Combat is also simple to calculate and resolve while also allowing for several factors. Some ship models have parts you can activate to increase your evasion level, making it more difficult to hit you. The terrain tiles also affect combat. In many games involving flying vehicles, terrain is something to be avoided. In Snap Ships Tactics, you want to fly into or behind terrain to gain benefits and make it harder for the enemy to hit you. The different types of terrain also have different effects which can be used by the players to their advantage. Plus, whether you want to play solo or co-op, you can use the AI cards to control the enemy ships. Each ship model has four AI cards which are actually pretty easy to use and provide a challenge. 

The starter box comes with two ships and everything you need to play a duel. However, you can also purchase additional ship models, card packs for those ships which include new chassis cards, AI cards, and parts cards unique for those ships. For playing games with more than two ships, you can even get a stand pack which has stands and bases for two ships as well as two status trackers. Not only can use use the new parts on these expansion ships, but the parts and their part cards can now be added to the rest of the parts and cards for some custom builds. 

Some of the expansions available to add to the starter box. Photo by Michael Knight.

I have always included miniature games with airplanes or space ships. However, many times the rules can be difficult and involved with the customizations requiring more rules and represented by cards or counters. It can take a while to setup as well as play a game. Snap Ships Tactics is different. When you customize a ship, you get to not only choose parts, but actually snap them onto the model. The chassis cards make customizing easy since each model has a limited number of slots for various types of parts. For example, you always need a cockpit, an engine, a wing part, and then additional parts. Some can be weapons systems while others can be for maneuvering, evading the enemy , or helping vent heat and power so you can have more options for your turn. Don’t let the toy nature of the models fool you into thinking this is a simple game. The designers have really put some time into creating the rules and playtesting them so they combine simplicity with depth until there is a fine balance between the two. If you would like a miniatures game of ship to ship space combat with models that can be quickly built and taken apart, do not require painting, and can be played from build to finish in less than an hour, with some great rules that involve tactics as well resource management, then I recommend Snap Ships Tactics.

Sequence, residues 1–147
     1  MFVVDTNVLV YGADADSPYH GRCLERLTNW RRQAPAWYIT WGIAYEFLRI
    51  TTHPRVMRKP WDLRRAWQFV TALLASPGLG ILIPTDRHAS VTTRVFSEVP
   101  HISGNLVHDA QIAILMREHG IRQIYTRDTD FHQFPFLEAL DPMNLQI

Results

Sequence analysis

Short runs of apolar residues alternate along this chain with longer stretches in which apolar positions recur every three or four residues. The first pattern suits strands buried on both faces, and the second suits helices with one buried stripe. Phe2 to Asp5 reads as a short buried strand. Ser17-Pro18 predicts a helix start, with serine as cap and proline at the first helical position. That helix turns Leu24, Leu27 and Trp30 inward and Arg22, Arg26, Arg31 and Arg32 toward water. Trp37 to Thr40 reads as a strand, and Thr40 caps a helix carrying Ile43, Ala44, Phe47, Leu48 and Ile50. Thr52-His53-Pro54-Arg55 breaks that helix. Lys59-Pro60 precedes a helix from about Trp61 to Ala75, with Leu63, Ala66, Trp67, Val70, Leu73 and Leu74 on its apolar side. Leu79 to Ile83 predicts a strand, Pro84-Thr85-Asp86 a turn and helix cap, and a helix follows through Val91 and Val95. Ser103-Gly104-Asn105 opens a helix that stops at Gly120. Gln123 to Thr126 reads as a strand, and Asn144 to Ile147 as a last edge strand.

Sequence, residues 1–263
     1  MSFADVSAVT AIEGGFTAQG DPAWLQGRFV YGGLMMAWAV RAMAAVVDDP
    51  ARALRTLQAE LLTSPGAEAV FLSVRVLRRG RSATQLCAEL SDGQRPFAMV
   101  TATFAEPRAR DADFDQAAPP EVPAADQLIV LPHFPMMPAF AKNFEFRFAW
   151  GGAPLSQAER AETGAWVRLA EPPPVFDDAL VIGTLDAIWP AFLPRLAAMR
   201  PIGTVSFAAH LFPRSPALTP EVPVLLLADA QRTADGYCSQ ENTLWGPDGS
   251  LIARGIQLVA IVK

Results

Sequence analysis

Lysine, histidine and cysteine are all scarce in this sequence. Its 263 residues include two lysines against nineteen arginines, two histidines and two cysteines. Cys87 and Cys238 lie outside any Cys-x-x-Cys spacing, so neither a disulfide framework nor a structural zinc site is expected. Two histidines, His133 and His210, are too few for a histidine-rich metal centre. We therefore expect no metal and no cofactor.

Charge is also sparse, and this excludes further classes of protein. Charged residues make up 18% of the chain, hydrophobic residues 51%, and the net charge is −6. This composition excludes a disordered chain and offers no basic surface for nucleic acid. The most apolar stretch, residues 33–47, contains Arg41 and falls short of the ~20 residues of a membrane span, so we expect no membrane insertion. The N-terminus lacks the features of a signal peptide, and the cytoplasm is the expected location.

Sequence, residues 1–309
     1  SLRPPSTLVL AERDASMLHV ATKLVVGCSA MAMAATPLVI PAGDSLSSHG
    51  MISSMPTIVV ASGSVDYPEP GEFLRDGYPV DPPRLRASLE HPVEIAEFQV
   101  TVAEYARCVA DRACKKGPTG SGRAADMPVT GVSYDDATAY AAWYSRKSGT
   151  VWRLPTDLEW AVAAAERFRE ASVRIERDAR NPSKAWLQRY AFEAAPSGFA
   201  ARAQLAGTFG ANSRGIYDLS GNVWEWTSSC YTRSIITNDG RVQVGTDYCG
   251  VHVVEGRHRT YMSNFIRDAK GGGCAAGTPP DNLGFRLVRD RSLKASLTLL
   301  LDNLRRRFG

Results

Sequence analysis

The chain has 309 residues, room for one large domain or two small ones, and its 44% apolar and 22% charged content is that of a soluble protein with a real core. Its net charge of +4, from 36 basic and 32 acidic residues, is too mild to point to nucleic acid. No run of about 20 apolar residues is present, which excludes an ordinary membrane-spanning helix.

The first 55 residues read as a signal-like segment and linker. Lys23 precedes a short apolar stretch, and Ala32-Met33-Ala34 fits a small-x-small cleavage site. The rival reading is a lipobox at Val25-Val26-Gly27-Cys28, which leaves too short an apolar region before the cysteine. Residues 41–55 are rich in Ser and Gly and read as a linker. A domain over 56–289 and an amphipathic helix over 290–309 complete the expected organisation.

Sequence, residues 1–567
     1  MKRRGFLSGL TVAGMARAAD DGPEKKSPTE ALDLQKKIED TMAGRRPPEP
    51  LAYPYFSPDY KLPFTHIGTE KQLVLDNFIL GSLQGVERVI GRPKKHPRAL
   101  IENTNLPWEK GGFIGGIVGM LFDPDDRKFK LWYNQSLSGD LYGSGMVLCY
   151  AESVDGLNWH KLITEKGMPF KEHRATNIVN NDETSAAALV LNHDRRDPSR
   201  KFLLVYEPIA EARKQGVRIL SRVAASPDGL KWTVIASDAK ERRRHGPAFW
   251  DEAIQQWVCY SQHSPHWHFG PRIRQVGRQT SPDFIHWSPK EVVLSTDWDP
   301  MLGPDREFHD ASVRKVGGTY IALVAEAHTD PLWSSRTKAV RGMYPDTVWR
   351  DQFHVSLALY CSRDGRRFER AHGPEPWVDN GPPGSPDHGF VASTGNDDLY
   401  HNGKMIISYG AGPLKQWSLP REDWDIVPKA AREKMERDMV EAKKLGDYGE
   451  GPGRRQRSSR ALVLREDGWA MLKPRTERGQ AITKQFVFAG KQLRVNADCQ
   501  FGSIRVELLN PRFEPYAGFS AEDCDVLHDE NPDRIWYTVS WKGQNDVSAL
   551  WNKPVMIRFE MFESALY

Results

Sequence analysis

For more information, visit the Snap Ships Tactics page!

Here is a video about Snap Ships Tactics from the Kickstarter campaign.

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Disclosure: GeekDad received a copy of this game for review purposes.